By Anna Skinner
One little building in Westfield is aiming to make a difference.
Heart & Soul, a clinic on 202 Penn St., provides free healthcare to those who are uninsured or underinsured with only catastrophic policies.
With flu season in full swing, those who cannot afford healthcare do not see a physician when they should. Heart & Soul Executive Director Heather Brownell wants to get the word out so those who are sick and need care know where to go.
“We function much like an urgent care facility, we are not here to be primary doctors,” Brownell said. “Our goal is to be here for when you have strep throat, an ear infection, or the flu.”
Brownell said the clinic also sees those with chronic issues, such as high blood pressure, Type II Diabetes and cholesterol issues. Brownell said the clinic has an agreement with Westfield Pharmacy, which is within walking distance, to provide the clinic with discounted prescriptions. The clinic then gives the prescriptions to the patients at no cost.
Originally, the clinic was only open every second and fourth Saturday of the month from 9 a.m. to noon, yet they heard from the community that there was a need for an evening clinic. The clinic opened for Wednesday evenings from 6 to 8 p.m. starting Jan. 6.
In addition to its increased hours, Heart & Soul is working on constructing a dental clinic at the same location to help provide the uninsured community with free dental care. It is expected to open April 1, and will be open every first Saturday of the month from 9 a.m. to noon.
Heart & Soul not only provides prescriptions, but labs as well. Often times, Brownell said they will send patients over to Any Lab Test Now, owned by City Council President Chuck Lehman, for lab tests.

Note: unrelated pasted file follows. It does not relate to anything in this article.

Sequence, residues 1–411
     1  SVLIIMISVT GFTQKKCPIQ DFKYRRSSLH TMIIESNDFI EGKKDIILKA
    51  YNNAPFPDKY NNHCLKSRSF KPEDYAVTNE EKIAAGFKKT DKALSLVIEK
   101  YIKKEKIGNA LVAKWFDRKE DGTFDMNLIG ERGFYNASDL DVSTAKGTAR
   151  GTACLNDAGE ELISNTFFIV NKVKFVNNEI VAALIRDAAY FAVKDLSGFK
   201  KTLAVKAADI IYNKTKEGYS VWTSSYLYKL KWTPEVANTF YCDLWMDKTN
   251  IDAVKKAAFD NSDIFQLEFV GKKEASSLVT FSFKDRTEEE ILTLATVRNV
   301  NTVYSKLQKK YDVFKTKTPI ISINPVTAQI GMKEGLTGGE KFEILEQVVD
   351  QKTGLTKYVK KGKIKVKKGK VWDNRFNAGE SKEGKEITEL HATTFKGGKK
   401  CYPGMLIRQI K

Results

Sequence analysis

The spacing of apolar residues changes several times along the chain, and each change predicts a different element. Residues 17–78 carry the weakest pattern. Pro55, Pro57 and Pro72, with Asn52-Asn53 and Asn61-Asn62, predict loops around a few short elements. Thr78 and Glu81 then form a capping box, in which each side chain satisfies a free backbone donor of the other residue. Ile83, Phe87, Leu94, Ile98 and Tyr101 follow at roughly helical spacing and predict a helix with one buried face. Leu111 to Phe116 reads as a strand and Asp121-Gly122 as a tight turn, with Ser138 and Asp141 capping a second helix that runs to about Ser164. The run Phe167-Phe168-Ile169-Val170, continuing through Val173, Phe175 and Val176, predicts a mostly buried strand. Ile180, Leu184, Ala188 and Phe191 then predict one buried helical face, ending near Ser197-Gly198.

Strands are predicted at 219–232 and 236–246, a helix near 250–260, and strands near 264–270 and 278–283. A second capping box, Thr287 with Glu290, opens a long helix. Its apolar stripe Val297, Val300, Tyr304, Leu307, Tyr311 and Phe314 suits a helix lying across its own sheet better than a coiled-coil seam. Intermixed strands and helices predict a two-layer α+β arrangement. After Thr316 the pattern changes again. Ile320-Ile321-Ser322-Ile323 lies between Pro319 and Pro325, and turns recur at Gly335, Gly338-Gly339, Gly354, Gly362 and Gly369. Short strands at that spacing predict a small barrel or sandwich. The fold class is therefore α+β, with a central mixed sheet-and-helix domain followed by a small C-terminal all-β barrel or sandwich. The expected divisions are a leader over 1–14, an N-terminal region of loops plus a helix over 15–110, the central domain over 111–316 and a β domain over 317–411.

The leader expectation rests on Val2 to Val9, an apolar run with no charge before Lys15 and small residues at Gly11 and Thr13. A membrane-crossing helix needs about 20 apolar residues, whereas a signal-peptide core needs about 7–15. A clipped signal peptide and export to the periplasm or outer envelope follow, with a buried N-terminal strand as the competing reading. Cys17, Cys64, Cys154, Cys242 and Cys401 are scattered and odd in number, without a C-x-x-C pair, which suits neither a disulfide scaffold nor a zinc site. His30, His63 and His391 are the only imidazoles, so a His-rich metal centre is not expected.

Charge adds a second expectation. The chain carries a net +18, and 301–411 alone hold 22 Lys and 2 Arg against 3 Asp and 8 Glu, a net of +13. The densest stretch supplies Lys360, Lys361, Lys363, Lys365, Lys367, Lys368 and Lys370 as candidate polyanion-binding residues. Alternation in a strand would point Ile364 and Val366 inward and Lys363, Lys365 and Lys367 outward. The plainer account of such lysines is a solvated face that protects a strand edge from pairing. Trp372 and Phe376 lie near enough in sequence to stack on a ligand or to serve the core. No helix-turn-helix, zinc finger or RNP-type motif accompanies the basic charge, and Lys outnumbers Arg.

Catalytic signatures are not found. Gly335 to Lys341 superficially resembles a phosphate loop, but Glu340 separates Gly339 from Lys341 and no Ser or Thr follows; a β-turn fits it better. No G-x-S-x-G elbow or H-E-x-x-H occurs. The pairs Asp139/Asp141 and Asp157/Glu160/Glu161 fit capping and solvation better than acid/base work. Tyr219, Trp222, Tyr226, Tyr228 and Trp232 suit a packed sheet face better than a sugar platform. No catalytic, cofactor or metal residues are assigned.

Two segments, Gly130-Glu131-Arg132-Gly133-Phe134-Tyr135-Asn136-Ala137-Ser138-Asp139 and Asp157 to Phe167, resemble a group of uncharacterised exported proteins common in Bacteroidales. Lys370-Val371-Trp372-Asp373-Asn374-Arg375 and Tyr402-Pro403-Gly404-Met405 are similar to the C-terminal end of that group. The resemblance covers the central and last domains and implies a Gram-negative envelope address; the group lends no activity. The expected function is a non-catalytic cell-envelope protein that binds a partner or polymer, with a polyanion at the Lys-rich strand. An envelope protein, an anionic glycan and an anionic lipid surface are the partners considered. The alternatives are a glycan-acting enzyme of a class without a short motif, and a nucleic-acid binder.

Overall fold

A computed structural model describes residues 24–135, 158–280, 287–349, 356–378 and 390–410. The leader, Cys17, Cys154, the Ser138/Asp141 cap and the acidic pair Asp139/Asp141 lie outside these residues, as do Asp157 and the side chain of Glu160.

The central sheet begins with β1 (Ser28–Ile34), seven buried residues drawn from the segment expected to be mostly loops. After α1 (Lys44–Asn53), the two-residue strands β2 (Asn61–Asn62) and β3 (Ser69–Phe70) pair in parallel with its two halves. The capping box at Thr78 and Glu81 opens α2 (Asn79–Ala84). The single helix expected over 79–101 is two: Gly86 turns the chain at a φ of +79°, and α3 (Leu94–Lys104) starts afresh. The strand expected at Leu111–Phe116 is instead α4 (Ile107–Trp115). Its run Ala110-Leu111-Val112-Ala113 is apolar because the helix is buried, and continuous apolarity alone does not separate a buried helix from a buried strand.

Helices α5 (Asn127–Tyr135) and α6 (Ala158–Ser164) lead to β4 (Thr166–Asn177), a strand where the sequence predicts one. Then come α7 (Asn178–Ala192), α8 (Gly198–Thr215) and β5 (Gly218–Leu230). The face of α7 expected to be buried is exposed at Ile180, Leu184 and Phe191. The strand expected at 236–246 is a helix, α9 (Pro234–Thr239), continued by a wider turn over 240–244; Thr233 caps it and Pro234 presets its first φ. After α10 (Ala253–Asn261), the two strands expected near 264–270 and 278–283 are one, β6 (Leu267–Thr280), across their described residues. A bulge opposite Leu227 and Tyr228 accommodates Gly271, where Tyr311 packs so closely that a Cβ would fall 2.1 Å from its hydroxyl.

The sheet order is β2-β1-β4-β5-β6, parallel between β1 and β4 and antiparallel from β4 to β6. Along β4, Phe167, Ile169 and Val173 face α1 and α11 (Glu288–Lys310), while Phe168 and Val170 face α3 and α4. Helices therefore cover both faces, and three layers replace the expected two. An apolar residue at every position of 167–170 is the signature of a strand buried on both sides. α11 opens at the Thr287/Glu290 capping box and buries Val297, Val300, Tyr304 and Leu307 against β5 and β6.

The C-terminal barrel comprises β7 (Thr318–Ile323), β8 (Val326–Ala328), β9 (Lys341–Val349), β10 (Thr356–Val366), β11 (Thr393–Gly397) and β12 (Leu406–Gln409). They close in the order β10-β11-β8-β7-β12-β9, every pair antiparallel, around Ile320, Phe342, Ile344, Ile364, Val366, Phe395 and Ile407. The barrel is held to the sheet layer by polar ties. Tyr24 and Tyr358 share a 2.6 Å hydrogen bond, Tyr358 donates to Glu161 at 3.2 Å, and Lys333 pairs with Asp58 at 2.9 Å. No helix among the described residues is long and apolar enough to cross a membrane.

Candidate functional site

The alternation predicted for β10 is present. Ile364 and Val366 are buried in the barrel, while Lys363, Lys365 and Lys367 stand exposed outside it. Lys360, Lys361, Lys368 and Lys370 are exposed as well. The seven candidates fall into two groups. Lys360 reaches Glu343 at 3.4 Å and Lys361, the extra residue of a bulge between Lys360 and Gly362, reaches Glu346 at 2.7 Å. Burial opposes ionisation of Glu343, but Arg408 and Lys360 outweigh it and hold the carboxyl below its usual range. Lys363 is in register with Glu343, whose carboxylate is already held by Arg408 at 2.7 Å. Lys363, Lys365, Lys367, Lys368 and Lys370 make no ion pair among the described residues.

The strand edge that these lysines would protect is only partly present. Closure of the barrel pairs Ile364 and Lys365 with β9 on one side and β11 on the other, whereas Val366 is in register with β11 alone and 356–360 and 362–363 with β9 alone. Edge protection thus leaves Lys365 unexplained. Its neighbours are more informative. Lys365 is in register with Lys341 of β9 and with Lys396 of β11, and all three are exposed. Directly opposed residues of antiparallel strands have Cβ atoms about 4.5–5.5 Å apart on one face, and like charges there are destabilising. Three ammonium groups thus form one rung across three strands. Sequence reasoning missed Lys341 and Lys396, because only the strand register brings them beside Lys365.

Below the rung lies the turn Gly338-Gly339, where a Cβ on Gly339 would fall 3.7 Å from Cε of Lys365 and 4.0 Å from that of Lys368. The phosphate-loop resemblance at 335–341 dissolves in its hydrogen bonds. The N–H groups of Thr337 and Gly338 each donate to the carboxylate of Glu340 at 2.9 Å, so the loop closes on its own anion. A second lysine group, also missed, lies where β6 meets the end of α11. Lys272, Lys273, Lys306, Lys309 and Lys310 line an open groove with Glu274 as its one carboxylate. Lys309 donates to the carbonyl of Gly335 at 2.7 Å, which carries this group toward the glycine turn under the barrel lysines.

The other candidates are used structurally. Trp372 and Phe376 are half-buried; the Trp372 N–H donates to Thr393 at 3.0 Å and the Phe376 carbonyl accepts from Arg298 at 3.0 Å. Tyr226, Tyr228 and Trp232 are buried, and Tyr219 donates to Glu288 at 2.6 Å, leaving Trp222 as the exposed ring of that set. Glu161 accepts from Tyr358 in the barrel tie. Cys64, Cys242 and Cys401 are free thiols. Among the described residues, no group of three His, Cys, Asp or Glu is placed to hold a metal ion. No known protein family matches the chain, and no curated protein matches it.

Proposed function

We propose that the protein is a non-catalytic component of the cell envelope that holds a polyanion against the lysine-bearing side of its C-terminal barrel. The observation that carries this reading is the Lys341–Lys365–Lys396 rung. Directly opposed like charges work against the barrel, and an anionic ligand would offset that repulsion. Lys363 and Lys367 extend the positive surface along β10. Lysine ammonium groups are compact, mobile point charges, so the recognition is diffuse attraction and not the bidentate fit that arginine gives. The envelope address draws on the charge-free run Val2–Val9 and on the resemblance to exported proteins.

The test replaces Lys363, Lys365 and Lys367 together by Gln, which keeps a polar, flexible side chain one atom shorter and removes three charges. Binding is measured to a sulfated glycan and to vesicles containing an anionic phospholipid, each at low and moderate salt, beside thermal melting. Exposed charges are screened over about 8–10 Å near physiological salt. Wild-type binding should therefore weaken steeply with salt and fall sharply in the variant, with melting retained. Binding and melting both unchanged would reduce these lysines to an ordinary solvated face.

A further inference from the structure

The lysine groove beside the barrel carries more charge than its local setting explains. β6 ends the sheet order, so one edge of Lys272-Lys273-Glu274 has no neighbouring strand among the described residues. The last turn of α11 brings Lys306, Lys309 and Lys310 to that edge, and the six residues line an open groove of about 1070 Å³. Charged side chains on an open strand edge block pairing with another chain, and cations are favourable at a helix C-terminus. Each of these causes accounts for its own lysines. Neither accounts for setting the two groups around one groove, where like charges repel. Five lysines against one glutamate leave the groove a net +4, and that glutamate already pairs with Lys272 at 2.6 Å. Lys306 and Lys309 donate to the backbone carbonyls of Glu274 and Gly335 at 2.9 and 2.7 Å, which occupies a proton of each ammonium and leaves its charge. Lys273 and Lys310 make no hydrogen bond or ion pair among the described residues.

Sometimes, a patient comes in and needs a procedure that the nonprofit cannot afford to provide for free. The clinic has multiple connections within the pharmacy and physician world that provide discounted or free services, and they often refer patients to those partners.
The faith-based clinic has a connection with LifePoint church in Westfield, which offers mental health counseling free of charge to those who need it.
“Mental health is a big need and a lot of time insurance won’t cover that,” Brownell said, mentioning that one of the clinic’s referral sources is a licensed mental health physician.
Barbara Haehner, M.D., is a provider and the medical director of Heart & Soul along with Anne Willet, Nurse Practitioner, and board president.
“Mental healthcare services and dental services are a great need of the community,” Haehner said. “Although healthcare is our main wheelhouse, we are adding these other (services) to supplement and better serve the community.”
Brownell said that she has come upon some patients who are not U.S. citizens and who can’t get healthcare elsewhere.
“I had an individual who did not have insurance because they we not a United States citizen, but they had a severe issue with their kidney and needed surgery,” Brownell said. “By working with (resources) we were able to get them the care they needed.”
In 2014, the clinic saw 203 patients. Brownell said that especially with the dental clinic opening, she is expecting to see even more patients in 2016.
Heart & Soul relies on grants and donations to provide free healthcare to those in need.
In February, the clinic will offer echocardiography screenings for a low price of $25, when the heart ultrasound normally costs $150.
For more information, visit www.heartandsoulclinic.org.
Recently, the Heart & Soul Clinic received a $12,000 grant from the Legacy Fund, which is a part of the Community Foundation of Indianapolis and serves Hamilton Co. The Legacy Fund aims to help charitable businesses and organizations. Brownell and Haehner said that the money will go towards absorbing lab test and prescription costs, the possible purchase of a second laptop for networking, and possibly adding another day of service to the clinic.